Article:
Kendrick Lamar released his 3rd major label album, DAMN, after much hype and a week delayed release. Following a modern masterpiece like To Pimp A Butterfly (read our review) is never easy. However, expectations from his fans were extremely high and understandably so. DAMN could not be any more different as K. Dot, once again,  decided to switch up his style. Instead of reprising the jazz/funk influenced instrumentals from TPAB and Untitled Unmastered, this time Kendrick’s sound is more jagged than it’s ever been which helps the album’s theme of conflicted duality. This is his darkest album lyrically to date. DAMN is anger, insecurity and anxiety in audio form.

The album opens up with his own murder as he’s trying to help a blind woman, this is layered over vocals of Geraldo Rivera’s criticizing his BET Award’s performance for Alright. This chaotic introduction gives way for the rambunctious DNA, one of the most aggressive cuts that Kendrick has ever recorded. His flow and wordplay are near flawless as he maneuvers through the two bass heavy beats back to back. ELEMENT has Kung Fu Kenny challenging his peers and forcing them to call him out by name: “Most of y’all throw rocks and try to hide your hand/ Just say his name and I promise that you’ll see Candyman.”

It’s not all high energy bangers and battle raps. Kendrick questions himself on FEEL, one of the album’s most emotionally powerful tracks. Even with a repetitive rhyme scheme that starts most of his bars with “I feel like…” , he  delivers complete honesty and vulnerability through some of his least complex raps. This introspection is taken one step further on one of  DAMN’s best compositions, FEAR. Throughout a beautifully arranged Alchemist opus that spans 7 minutes long, Kendrick displays his fears at certain ages: Fear of getting beat at home at age 7, fear of dying because of hood related issues at age 17  and finally fear of losing everything that he’s worked for at age 27. This is anxiety personified and one reason why Kendrick is one of the greatest artists of this generation. His ability to interpret his distressed feelings are truly second to none. These two tracks seem like therapy to a troubled mind.

Through out the album Kendrick attempts to make counter points and apply dichotomy in different ways such as LUST and LOVE. In LUST, Kendrick recreates a monotonous day in an individual’s idle life with excess at its source, may it be drugs, sloth or sex. This day is flipped to the perspective of a female without changing it’s meaning in the second verse. Meanwhile, LOVE is  dedicated to his fiancé and their loyalty to one another. PRIDE is a laid back instrumental by The Internet’s Steve Lacy as Kendrick questions his desire to sacrifice his own pride in order to make the world better: “Now, in a perfect world, I probably won’t be insensitive/ Cold as December, but never remember what Winter did/ I wouldn’t blame you for mistakes I made or the bed I laid.” This is made in contrast to his lead single, HUMBLE,  performed over a loud and in your face instrumental provided by Mike Will Made It. HUMBLE‘s lyrics are anything but, showing off some of Lamar’s most braggadocio raps in his catalog. Lamar’s duality is best shown on the U2 featured XXX. In this track, one of Kendrick’s friends calls him with news that his son was just murdered, to which Kendrick replies with anger and calls to violence right before speaking to kids about gun control. Once again this is contrasted in the second verse where he touches on America’s treatment of young black men “It’s nasty when you set us up/ Then roll the dice, then bet us up/ You overnight the big rifles, then tell Fox to be scared of us.”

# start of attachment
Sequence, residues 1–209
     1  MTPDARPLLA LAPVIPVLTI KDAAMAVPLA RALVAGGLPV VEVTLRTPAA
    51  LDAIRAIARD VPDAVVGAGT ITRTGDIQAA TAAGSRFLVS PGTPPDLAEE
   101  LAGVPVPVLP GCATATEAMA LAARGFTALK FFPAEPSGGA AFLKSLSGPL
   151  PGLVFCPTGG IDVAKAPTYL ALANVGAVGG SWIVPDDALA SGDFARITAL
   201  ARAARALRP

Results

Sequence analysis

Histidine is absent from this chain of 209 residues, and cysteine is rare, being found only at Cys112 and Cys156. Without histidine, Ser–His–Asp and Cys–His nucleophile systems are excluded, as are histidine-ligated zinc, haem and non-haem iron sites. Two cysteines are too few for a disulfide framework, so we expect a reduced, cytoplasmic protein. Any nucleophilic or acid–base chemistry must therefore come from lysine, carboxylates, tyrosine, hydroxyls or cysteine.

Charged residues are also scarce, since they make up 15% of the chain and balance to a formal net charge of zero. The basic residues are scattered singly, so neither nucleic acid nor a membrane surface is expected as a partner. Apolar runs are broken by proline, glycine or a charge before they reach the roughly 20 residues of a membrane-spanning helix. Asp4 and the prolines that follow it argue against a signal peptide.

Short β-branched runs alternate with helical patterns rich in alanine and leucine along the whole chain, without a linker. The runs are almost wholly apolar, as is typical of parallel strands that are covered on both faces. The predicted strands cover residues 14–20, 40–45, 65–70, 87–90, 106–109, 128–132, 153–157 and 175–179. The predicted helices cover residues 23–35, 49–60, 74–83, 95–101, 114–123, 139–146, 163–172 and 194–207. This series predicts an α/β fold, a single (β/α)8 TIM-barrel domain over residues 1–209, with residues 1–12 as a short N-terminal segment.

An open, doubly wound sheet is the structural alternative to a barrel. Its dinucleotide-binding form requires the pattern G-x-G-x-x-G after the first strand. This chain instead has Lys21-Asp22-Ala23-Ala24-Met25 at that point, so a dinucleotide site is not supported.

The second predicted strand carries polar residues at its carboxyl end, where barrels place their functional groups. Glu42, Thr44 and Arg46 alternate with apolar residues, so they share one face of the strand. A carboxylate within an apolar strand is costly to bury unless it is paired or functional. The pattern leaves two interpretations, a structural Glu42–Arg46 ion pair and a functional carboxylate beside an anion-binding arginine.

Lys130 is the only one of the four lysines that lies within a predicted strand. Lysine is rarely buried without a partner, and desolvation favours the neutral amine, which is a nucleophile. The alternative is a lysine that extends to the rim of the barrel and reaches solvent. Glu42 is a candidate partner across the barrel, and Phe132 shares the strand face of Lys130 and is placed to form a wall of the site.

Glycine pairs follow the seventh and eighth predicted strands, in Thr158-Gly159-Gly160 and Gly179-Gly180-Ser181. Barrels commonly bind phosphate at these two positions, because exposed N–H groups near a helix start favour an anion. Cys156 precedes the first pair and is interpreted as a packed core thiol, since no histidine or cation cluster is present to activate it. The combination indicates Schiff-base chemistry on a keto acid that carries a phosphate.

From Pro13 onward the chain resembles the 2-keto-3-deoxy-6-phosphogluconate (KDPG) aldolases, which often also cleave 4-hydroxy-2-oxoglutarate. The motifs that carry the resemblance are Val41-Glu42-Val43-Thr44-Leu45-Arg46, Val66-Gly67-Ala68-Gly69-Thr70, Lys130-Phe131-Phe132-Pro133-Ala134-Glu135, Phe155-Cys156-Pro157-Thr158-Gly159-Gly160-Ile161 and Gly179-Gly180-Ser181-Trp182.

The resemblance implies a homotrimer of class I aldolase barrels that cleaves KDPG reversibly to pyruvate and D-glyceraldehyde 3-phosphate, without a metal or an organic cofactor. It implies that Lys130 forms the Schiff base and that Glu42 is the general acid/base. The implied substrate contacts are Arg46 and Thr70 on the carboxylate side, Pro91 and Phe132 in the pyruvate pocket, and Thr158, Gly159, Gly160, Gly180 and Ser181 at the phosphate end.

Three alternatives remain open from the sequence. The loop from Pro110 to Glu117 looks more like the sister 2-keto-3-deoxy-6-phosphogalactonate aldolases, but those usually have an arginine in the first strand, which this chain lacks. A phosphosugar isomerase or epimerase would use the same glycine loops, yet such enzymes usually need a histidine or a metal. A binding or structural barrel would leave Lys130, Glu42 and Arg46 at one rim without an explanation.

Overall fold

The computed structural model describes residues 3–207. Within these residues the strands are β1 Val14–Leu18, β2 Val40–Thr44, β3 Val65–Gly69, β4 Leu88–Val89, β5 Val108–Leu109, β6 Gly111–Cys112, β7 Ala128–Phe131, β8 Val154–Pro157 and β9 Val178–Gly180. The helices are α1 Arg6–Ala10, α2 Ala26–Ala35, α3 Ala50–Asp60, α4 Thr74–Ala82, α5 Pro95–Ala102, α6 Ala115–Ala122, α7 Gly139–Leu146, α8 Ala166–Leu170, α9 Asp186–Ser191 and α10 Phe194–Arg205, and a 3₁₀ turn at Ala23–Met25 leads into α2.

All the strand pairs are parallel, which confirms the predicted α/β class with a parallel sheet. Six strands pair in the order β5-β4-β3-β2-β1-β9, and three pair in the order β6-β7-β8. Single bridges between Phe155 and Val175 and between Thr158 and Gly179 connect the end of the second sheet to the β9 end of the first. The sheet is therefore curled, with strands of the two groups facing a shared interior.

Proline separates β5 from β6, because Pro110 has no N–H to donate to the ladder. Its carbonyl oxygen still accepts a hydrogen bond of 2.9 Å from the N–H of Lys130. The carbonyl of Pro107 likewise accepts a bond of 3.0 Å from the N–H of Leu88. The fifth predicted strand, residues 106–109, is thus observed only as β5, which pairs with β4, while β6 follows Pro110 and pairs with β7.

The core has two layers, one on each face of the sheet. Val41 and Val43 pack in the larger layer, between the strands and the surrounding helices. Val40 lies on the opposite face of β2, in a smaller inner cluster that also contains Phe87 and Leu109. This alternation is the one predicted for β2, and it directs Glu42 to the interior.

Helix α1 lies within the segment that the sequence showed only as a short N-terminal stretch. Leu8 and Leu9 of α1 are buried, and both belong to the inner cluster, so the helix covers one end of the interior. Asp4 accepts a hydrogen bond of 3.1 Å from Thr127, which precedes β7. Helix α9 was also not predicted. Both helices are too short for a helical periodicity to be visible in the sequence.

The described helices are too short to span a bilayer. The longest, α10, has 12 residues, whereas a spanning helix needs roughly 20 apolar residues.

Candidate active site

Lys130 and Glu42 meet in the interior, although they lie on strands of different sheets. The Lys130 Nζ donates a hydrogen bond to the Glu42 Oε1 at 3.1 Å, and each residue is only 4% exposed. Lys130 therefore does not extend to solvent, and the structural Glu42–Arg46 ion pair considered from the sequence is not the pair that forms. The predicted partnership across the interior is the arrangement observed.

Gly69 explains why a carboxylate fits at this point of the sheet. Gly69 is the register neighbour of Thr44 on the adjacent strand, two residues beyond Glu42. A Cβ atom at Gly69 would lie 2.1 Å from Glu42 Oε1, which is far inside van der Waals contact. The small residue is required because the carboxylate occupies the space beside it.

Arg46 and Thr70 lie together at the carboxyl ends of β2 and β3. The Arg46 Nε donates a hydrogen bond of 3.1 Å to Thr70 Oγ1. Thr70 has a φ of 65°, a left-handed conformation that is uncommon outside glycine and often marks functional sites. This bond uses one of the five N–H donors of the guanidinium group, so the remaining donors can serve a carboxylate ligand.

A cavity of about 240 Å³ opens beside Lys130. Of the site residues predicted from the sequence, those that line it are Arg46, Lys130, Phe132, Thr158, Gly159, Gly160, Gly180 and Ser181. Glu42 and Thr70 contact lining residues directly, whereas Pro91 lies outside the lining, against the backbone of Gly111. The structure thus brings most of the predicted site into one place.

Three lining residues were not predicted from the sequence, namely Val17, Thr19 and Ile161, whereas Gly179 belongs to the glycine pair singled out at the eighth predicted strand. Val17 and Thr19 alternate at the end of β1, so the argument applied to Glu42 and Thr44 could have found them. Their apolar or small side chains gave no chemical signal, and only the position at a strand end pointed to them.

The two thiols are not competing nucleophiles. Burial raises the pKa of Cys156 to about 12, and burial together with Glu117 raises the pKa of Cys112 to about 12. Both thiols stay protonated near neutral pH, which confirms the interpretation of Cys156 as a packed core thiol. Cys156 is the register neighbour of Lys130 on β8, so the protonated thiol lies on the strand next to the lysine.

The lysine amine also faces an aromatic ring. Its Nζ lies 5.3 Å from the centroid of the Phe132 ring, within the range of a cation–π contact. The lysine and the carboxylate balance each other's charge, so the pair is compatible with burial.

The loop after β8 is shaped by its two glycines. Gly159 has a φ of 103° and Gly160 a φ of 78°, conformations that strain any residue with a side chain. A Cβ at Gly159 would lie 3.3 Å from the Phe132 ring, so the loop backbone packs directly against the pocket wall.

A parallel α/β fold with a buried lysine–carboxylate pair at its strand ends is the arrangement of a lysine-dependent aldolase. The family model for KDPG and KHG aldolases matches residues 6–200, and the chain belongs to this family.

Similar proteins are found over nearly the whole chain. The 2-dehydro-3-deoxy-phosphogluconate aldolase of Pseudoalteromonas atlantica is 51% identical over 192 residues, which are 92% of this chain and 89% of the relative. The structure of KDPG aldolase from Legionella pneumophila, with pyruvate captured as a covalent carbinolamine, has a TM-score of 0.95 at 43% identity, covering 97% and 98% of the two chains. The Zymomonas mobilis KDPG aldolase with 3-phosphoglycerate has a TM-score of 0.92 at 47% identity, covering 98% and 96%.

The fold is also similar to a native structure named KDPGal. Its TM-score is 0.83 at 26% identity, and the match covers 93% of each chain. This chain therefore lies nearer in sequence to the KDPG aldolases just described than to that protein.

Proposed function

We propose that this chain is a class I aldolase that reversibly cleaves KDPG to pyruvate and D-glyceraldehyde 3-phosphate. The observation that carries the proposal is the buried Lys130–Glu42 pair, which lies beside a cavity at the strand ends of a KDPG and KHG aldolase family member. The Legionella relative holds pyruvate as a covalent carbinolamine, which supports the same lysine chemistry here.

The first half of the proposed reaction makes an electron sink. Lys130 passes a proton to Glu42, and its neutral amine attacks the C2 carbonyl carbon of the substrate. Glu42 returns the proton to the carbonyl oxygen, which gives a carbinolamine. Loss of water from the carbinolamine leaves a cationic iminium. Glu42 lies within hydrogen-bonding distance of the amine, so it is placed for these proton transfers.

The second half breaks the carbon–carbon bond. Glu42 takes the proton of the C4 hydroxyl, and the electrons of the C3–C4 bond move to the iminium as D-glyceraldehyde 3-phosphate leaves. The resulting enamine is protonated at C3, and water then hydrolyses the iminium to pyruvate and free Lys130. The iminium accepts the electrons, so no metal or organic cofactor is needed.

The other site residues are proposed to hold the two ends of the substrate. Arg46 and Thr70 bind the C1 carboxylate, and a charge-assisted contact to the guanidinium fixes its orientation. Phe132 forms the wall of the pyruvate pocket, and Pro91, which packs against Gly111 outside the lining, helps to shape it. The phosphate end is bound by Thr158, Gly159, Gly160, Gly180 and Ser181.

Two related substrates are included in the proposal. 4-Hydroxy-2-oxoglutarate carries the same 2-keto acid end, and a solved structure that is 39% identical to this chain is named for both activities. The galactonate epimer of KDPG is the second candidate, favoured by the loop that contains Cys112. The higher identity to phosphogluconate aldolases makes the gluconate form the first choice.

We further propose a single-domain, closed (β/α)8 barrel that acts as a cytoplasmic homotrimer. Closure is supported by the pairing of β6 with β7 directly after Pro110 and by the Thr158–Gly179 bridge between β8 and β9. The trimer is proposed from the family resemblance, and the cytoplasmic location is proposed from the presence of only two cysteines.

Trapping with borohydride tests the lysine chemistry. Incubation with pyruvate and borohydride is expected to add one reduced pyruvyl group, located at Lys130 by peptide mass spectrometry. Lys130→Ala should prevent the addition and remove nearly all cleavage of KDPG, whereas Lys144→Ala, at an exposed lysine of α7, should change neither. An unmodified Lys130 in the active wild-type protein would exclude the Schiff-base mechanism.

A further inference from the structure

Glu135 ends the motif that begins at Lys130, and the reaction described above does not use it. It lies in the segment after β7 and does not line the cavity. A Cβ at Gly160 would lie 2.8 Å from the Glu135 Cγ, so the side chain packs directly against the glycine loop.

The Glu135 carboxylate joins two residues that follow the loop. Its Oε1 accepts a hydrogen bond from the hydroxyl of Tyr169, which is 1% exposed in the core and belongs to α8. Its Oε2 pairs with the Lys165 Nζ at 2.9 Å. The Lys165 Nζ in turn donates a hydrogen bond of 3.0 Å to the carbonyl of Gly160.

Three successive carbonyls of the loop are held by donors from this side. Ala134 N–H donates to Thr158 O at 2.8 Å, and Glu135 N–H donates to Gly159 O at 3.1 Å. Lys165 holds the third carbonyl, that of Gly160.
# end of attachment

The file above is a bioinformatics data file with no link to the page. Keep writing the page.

The album closes out with DUCKWORTH, one of the most interesting tracks on DAMN. In it K. Dot tells the story of the unlikely meeting between his father and his label head, Anthony “Top Dawg” Liffith, back when Kendrick was still a child. DUCKWORTH serves as a reminder to Kendrick that every action has a chain reaction as he summarizes the story “Whoever thought the greatest rapper would be from coincidence?/ Because if Anthony killed Ducky/ Top Dawg could be servin’ life/ While I grew up without a father and die in a gunfight.”

The only negative aspect of this album is it’s disjointed production. Not bad by any means but more disorganized than his previous concept albums (but that helps its theme as well). Kendrick managed to do what other artists, including Kanye’s TLOP (read our review here), attempted to do in gathering chaotic elements but organized it more successfully than his predecessors. DAMN also seems to serve as a grand therapy session for him. Through out the album Kendrick questions his surroundings, friends, weaknesses, strengths, and spiritually. This is the work of a man who feels abandoned by his faith, a cornerstone of his music, yet he holds on to hope with comparisons between himself and the biblical character Job: “All this money, is God playin’ a joke on me?/ Is it for the moment, and will he see me as Job?/ Take it from me and leave me worse than I was before?”

As someone that has struggled with anxiety, Kendrick’s experiences and ability to interpret himself made this album all too relatable. It’s still hard to get through on a full listen. But even with this album having a personal impact on me, do I personally think this is Kendrick’s best album? Not by a long shot. But that says more about Kendrick’s discography than the quality of this album. It’s hard to top two incredible projects such as Good Kid M.A.A.D City and To Pimp A Butterfly so it was never expected for him to do so. Even with it’s flaws DAMN is another championship title in Kendrick Lamar’s trophy case. Another great addition to a man successfully claiming the title of this generation’s greatest rapper.